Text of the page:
There was no shortage of issues during the 2018 legislative session, and the Utah Farm Bureau was there to represent our members on issues critical to the continued success of agriculture in Utah.
Both the executive and legislative branches of Utah’s government directed a lot of resources to further position Utah’s economy towards four cornerstones of continued growth: retaining a pro-business climate, stressing innovation instead of regulation, addressing critical funding needs for our workforce and infrastructure, and ensuring we maintain a high quality of life for al Utahns.
Utah has undergone several economic transformations, from a natural resources and defense dependent economy, to now one of our nation’s premier technology hubs. State government and private sector leaders are now positioning Utah to attract regional and national corporate headquarters.
Each Legislative Session generates a dozen different water laws, and this session was no different. Utah Farm Bureau initiated a bill dealing with historic water rights. Historic water rights exist for many early uses of water and were recognized and confirmed by Article XVII of the Utah Constitution at statehood. These historic water rights are often referred to as “diligence claims.” General adjudication of water rights was originally intended to be the mechanism under which written records of these rights would be created by Utah’s State Engineer. As the adjudication process evolved, it became clear it would take decades to prove all water rights in the state. Over time, thousands of diligence claims have been filed with the State Engineer. Among those claims are many filed by federal land management agencies for livestock water on public lands. Several years ago, the law was changed to require any new water rights acquired or existing rights changed by a public land agency include the consent or participation of the person owning the livestock. This year, the law was further clarified stating uses of water, where not initiated through beneficial use, are not appropriate and valid uses to include when filing a diligence claim.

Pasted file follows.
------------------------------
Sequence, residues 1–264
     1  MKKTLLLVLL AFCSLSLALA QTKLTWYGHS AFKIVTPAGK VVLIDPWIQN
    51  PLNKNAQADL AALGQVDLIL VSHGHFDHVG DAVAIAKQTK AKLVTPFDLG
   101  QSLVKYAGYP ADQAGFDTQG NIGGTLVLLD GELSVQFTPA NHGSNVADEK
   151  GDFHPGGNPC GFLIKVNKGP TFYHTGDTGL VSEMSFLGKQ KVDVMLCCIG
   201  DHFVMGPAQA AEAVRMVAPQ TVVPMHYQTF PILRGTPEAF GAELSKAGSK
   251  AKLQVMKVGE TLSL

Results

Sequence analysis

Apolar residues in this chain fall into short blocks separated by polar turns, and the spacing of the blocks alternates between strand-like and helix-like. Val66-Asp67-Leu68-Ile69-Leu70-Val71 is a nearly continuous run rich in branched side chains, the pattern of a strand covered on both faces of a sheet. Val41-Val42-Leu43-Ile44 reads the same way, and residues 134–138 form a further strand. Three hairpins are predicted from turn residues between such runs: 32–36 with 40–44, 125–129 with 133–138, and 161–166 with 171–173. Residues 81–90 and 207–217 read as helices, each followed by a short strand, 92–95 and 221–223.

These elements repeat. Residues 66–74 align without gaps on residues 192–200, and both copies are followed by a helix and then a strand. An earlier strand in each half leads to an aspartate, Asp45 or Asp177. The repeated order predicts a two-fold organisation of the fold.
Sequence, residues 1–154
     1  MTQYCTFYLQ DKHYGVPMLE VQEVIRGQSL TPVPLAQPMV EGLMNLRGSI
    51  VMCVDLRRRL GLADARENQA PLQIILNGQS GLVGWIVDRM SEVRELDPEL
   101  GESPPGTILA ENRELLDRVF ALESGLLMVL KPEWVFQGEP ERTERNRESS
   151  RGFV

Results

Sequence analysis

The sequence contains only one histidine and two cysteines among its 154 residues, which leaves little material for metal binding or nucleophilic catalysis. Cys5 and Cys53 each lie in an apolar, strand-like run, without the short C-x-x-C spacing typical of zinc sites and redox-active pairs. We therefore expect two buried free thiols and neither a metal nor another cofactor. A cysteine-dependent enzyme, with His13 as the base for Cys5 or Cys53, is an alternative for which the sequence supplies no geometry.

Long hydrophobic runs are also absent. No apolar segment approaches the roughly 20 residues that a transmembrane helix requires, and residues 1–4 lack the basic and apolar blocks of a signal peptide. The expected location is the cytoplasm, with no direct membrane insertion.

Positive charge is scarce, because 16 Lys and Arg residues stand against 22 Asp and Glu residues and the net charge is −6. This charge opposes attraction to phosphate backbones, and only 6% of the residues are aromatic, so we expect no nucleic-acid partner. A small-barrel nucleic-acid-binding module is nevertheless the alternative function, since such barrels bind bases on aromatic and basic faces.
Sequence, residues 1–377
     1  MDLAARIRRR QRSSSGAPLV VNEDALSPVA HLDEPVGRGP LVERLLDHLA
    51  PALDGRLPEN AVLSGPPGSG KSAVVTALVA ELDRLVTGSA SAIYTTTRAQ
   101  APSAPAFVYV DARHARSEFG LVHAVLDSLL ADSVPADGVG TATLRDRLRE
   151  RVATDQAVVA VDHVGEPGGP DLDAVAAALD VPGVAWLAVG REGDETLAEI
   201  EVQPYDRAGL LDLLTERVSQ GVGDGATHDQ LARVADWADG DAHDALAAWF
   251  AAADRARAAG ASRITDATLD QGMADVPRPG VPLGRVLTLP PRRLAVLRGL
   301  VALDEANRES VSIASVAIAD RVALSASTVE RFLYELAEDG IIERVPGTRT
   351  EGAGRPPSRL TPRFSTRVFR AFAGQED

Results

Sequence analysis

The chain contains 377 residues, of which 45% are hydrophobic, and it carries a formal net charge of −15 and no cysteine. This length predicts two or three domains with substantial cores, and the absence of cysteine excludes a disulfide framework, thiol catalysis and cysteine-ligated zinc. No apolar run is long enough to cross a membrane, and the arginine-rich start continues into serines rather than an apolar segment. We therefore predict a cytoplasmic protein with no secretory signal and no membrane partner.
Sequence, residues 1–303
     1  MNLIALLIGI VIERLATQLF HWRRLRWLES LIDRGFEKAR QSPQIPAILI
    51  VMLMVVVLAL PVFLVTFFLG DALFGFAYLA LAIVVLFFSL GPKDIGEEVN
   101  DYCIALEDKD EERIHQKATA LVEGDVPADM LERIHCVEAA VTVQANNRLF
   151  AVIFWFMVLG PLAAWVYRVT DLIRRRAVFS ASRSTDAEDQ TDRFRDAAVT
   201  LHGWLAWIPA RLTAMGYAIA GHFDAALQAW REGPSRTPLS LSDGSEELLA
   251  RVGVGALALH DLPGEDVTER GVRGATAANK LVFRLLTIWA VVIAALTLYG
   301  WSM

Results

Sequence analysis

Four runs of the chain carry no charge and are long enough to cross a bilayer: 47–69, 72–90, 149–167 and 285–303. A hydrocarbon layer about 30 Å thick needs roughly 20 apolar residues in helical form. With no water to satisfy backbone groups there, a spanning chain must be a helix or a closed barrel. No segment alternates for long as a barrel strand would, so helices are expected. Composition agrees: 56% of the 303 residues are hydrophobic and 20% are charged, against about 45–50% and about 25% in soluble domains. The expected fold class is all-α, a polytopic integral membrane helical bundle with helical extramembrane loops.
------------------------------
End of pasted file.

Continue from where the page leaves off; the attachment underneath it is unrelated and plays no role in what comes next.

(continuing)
A second water bill passed that directed Utah’s State Engineer to expedite and complete the pending water rights adjudications. The adjudication process was created in 1919 and has continued mostly unaltered until just a few years ago. There was broad support to modernize the process because adjudications struggled with sufficient funding and increased inefficiencies. Lawmakers amended the law by further streamlining the process when filing or not filing claims to the State Engineer.
Several years ago, the Utah Legislature passed a law directing all 29 counties to create county specific resource management plans. Lawmakers assigned funds for counties to seek citizen input and, ultimately, draft and implement a county plan that would direct land management activities within their county. This session, lawmakers passed a law adopting all 29 county resource management plans into one statewide resource management plan. This grassroots, bottom-up planning method is designed to partner with public land agencies for the purposes of proper multiple-use management practices. This certainly includes necessary access and management practices on public lands for purposes of livestock grazing.
Because of recent litigation and counsel from Utah’s Attorney General’s Office, Utah lawmakers created a new Utah Beef Check-Off Council. This new, independent, quasi-state agency Council is now created to serve the cattle industry for generations with less risk of litigation and in further alignment with the rights found within the constitution.
Utah lawmakers, the Utah Farm Bureau and other interested stakeholders now earnestly look to the near- and long-term future to best modernize the state’s tax code. With the continued expansion of online sales, it’s believed Utah is losing out on hundreds of millions of dollars in lost revenue. Many believe the digitization of goods and changing purchasing patterns have made Utah’s tax code a thing of the past. Utah’s sales tax base has eroded significantly in recent decades. Utah currently offers more than 170 exemptions to the tax code. We do not fully know the full cost for 90 of them, according to a recent legislative audit. Utah’s farmers and ranchers are the beneficiaries of many sales tax exemptions.
Representing the Grassroots
Crossing the finish line of the 2018 legislative session signals the implementation of 533 new laws as well as the execution of a near $17 billion budget. It also signals the beginning of a new Farm Bureau policy development season. Farm Bureau continues its effectiveness because of trained, effective county Farm Bureau leaders and members that engage in the policy process. This local, grassroots approach to policy development produces effective relationships with key policymakers and implementation of Farm Bureau policy.
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